Snowdrops [Galanthus) are popping up, people who go nuts for these tiny flowers are called “Galanthophiles”.

Daffodils-Narcissi — remember the ones you planted in the autumn? Should be looking well now and going into March. Traditionally we planted potatoes on17 March –  St Patrick’s Day, which you can but sometimes the soil can be too cold or wet-quiet often it is best to wait until April.The optimum temperature for growth is between 5-7 degrees.There are hundreds of varieties and cultivars and 3 different types of potatoes.First earlies, earlies and main-crop.

Pest & Disease Mgmt

The seeds you planted earlier will need to be pricked out into cell-trays or modules, using a good quality seed compost with some nutrition.Divide clumps of ornamental grasses and bamboo now.

Jobs to do now

Comb through and Cut back spent ornamental grasses-such as Stipa tenuissima.

Divide ornamental grasses and bamboo.Tidy up and allow the new shoots to come through.

Feed Bamboo.

Divide large clumps of perennials that you didn’t get to in Autumn.Replant, pot up and keep until you decide where you wish to replant them, share them with friends, sell them at plant sales, compost the tattered bits.

Snowdrops (Galanthus spp)are now in full flower when they finish flowering, divide large clumps, and place them where you would like to see them next year. Share some with friends.

Check Dahlia Tubers and start to get pots ready-starting Dahlias in pots allows for strong early growth. You can take stem cuttings from the new plant, when in growth and have the cuttings producing blooms later on in the year. It also helps you to prevent slug attack as you can spot it earlier.If you have managed to attract hedgehogs, frogs to your garden they will help you with a slug problem, and also all the birds you looked after will now eat your snails. This I consider fare exchange and balance.

Start to prune roses-they produce their flowers generally on new growth.

Prune wisteria — the whippets which grew last year.

Cut back Cornus alba ( to encourage new growth)-that lovely red or yellow stemmed winter shrub. If it is not pruned you lose the young coloured shoots for next winter.

Autumn fruiting raspberries should be cut back to the base, as fruit will be produced on new growth.Again, hoe gravel paths, vegetable and flower beds, keeping weeds at bay will be very rewarding later on.Hopefully, you did get your mulch onto your beds in the autumn, now with lots of rain, if the soil is not covered try to cover it now either with a mulch or even leaves, protecting it from erosion and damage. Remember as temperatures increase, slugs begin to surface and commence their eating, They don’t know the difference between your Dahlia and a weed. Be vigilant and pull back large clumps of compost from plants, so as dissuading a slug from an easy dinner.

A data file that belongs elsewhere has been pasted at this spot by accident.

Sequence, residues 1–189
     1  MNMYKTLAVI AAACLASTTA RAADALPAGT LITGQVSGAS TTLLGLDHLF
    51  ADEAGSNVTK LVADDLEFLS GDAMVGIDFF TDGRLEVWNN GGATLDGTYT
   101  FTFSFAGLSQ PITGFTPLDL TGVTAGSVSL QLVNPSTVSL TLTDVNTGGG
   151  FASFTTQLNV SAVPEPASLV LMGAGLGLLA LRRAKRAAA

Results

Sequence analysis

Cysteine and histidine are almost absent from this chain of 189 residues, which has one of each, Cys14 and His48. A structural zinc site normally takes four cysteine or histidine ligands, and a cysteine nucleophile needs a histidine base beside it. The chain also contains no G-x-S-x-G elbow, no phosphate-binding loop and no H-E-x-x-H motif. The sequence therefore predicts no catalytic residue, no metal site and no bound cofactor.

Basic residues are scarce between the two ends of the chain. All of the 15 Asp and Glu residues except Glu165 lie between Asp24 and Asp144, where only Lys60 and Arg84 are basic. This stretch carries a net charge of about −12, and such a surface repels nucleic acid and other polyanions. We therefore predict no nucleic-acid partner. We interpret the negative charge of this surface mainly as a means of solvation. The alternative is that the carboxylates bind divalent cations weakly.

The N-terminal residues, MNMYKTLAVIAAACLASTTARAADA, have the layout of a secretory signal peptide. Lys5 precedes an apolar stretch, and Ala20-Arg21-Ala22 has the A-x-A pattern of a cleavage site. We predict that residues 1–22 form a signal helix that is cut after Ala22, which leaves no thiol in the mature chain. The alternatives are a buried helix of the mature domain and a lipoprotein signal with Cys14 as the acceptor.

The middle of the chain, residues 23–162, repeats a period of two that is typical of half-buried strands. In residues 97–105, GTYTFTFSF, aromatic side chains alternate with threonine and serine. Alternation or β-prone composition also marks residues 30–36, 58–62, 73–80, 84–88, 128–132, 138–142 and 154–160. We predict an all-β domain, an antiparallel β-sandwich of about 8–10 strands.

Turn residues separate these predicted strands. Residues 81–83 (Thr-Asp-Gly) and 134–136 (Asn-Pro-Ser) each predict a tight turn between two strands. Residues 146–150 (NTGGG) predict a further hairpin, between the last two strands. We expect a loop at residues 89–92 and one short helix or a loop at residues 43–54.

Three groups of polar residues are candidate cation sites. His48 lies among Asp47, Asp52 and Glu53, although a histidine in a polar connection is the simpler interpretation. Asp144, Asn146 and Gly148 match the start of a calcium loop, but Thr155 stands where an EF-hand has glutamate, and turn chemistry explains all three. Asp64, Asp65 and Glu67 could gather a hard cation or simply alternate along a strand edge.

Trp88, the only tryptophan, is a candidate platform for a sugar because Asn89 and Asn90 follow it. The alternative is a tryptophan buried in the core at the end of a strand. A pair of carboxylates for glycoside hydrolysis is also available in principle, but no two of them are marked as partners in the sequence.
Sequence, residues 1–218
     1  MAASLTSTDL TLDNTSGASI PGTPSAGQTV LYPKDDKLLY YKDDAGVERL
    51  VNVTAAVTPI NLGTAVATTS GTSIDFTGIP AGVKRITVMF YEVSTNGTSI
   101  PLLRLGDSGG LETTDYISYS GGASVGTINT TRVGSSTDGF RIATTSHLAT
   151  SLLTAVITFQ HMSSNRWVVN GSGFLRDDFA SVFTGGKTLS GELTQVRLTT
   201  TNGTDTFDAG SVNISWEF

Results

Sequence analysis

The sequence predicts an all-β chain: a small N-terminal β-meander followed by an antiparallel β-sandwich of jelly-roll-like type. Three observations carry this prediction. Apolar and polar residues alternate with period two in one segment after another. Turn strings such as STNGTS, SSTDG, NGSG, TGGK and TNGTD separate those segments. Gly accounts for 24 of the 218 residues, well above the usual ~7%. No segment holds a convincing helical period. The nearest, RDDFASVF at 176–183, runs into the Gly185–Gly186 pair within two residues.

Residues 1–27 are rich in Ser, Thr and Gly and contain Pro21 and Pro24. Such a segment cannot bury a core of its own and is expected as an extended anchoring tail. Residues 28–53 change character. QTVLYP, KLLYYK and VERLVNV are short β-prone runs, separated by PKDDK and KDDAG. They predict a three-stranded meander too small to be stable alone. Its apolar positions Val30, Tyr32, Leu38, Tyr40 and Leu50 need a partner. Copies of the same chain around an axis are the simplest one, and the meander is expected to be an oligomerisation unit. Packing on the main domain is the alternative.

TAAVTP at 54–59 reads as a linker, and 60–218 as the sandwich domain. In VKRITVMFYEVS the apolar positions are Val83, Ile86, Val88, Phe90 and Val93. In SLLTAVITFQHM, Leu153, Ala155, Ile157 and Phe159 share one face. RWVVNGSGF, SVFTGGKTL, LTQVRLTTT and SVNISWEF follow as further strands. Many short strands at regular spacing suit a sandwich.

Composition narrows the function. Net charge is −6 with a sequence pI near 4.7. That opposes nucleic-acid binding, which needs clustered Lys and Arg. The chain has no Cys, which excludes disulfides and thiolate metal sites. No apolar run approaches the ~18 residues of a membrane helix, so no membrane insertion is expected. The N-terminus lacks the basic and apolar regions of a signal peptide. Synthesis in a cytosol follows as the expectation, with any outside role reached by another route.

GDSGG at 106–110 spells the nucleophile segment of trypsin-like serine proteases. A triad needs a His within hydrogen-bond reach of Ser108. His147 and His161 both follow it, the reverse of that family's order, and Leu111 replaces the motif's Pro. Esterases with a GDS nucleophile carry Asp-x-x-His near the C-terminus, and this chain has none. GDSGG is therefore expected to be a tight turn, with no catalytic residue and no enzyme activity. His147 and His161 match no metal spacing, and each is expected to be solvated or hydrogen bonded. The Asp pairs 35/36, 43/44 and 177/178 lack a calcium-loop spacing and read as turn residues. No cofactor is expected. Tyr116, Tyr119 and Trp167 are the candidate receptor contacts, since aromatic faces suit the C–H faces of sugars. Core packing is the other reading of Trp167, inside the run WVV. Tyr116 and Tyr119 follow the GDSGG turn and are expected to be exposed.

Apply slow release fertiliser such as chicken pellets in areas where there are lots of bulbs.This is the time to feed bulbs, as they are emerging out of the soil.Having a mulch of FYM or Horse manure is an overall feed also for the emerging bulbs.

Cut back spent growth, again hedgehogs etc are still hibernating — not too much and be aware.

Feed birds-much of their habitats have been removed, for nesting as well as for feeding, therefore we need to give them a hand.Domestic gardens are of great benefit to all creatures besides us!! Make sure there is water available for all garden creatures, we are all 80% water.

Botanical Plaster Casts and Vouchers

Finally, we have some very unique and special products for my gardening friends.

Deirdre Crofts and Cera Doyle have come together producing a collection of Plaques using Plaster of Paris mounted on Mahagony and Walnut frames reflecting their love of nature.

I have a small selection in my shop, but if you wish to see more give me a call on 087 2256365

Sunday November 26 Christmas Wreath Making Workshop.

Create your own personalised Christmas wreath, using natural materials gathered and foraged in Co Wicklow. Learn how to do it, bring it home and continue making your own.Enjoy some Festive refreshments to kick start the season.

Sally Horn from The SallyGarden, will help guide you through the process in this 3 hour workshop.Sally is a florist, who sells Irish Organic grown flowers in Killruddery Farmers market every Saturday, throughout the year.

Her style is natural and informal, using country cottage flowers grown in her garden or sourced from The Irish flower Farmer from early spring until late autumn. During the winter,she forages locally and buys flowers in from mainland Europe.

Book Now

Christmas Wreath making workshop Sunday December 3

Christmas Wreath workshop

Create your own personalised Christmas wreath, using natural materials gathered and foraged in Co Wicklow.

Sally Horn from The SallyGarden, will help guide you through the process in this 3 hour workshop.Sally is a florist, who sells Irish Organic grown flowers in Killruddery Farmers market every Saturday, throughout the year.

Her style is natural and informal, using country cottage flowers grown in her garden or sourced from The Irish flower Farmer from early spring until late autumn. During the winter,she forages locally and buys flowers in from mainland Europe.

Workshop Full

Sunday 22nd October, 10am - 1pm Venue: Mornington, Saval Park Road, Dalkey Fionnuala Fallon

Fionnuala Fallon

Sunday 22nd October, 10am – 1pm


Dalkey Garden School,” Mornington,” Saval Park Road, Dalkey

as part of places are limited    book now on

Fionnuala Fallon

The Magic of Flowers

‘I can’t remember exactly when I first became a gardener but I know that it was a moment in my early childhood, soon after I sowed a handful of seeds from which nasturtiums quickly grew – an eruption of leaves and fiery orange flowers that seemed to me both astonishing and miraculous.’ read more

  Book now   as places are limited                  www.dalkeycreates,com